New analysis of the Amazon Go cashierless convenience/grocery store format suggests not every retailer may want to adopt it.
Two years after Amazon opened its first Amazon Go store in January 2018, a consumer-focused evaluation of what Amazon calls “Just Walk Out” shopping indicates its rollout may remain relatively niche. According to analysis from the User Experience Strategies Service (UXS) at Strategy Analytics, the Amazon Go format is exorbitantly expensive to implement and maintain. This makes it impractical for many other grocers or general merchandise stores, as well as other use cases with high inventory and checkout stations.
UXS analysis also indicates frictionless retail is unsuitable for many other retail verticals beyond grocery and convenience. For example, UXS says that consumer electronics retailers selling products such as smartphones and televisions are better suited for a concierge sales approach than an impersonal “shop-and-go” approach.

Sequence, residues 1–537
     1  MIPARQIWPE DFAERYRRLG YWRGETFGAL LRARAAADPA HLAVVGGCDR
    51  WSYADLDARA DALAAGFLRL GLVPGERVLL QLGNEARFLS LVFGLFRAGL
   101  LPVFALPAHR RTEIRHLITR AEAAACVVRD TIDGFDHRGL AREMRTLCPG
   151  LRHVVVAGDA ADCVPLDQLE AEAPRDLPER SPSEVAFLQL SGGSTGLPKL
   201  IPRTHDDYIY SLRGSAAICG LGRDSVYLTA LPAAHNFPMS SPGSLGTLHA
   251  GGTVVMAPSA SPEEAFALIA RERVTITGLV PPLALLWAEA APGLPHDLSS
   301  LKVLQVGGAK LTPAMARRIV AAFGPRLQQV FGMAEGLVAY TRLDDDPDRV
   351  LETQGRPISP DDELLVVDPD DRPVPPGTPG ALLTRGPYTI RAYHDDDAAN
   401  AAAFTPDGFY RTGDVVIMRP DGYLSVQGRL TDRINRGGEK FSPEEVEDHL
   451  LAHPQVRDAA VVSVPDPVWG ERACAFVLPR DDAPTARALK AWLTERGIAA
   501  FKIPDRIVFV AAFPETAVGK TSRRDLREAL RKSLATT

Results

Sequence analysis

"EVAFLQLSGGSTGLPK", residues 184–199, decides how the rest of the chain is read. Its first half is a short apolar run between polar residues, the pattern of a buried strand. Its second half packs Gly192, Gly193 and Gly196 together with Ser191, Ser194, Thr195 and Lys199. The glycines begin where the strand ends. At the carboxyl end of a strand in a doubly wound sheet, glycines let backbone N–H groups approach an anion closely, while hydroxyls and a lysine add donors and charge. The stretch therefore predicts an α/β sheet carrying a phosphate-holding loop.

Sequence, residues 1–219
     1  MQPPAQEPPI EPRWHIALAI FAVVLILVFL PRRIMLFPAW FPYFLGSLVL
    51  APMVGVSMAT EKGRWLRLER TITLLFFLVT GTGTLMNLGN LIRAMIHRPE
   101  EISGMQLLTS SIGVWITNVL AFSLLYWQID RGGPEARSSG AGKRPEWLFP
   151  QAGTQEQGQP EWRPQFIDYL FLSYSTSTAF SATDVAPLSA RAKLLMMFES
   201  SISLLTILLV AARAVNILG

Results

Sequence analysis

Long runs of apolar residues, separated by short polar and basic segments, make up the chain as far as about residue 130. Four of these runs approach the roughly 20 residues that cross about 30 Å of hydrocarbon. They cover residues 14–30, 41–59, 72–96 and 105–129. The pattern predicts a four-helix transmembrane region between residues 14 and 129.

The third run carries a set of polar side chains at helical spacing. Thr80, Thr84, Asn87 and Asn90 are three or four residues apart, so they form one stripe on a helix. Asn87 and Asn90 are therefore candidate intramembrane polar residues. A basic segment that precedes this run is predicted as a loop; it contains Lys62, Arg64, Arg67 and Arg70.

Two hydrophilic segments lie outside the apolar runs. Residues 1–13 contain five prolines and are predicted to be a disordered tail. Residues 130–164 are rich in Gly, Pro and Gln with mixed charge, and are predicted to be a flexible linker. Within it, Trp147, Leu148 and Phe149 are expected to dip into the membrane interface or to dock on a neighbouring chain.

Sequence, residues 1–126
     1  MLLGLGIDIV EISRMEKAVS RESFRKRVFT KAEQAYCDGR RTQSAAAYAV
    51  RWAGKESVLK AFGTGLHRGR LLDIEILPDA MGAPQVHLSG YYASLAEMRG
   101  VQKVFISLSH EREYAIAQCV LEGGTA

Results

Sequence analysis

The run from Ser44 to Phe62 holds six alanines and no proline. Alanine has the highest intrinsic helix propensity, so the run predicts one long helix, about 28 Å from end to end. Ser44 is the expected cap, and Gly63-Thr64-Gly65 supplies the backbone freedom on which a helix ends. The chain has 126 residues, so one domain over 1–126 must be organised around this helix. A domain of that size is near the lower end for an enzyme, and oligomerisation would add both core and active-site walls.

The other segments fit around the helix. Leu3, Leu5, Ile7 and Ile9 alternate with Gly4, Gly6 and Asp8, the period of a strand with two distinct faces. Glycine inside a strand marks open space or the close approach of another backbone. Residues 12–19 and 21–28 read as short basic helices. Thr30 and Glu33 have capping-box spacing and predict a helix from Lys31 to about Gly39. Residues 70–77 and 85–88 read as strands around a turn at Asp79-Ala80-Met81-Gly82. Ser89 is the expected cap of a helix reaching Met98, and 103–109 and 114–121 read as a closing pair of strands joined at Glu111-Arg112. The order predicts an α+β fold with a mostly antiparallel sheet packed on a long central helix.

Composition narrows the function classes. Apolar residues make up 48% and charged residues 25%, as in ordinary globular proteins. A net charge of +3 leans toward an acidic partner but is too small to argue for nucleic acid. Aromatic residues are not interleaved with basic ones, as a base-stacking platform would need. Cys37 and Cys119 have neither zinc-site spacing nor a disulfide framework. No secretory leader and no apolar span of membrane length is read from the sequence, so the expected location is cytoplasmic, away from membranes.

In addition, according to UXS, retailers that encourage trying-before-buying – such as clothing stores with fitting rooms or on-site alterations – are not well-suited for this concept, as shoppers are far less likely in practice to return a “retrieved-but-unpurchased” item to a shelf.
“While not directly relevant to other industries, if cashierless concepts such as Amazon Go become more widespread, we would expect to see continued growth in consumer adoption of forms on contactless payments, which Strategy Analytics already expects to happen due to the COVID-19 pandemic,” said Derek Viita, senior analyst, UXS.
Lisa Cooper, director, UXS, added that Amazon Go does demonstrate a value proposition for in-store camera and sensor solutions.
“At a macro level, Amazon Go is also proof that a complex system of cameras and sensors can successfully be deployed in large-scale settings with an impressive level of accuracy,” Cooper said. “This should bring confidence to developers of other complex camera and sensor systems, such as vehicle-to-vehicle and autonomous driving applications.”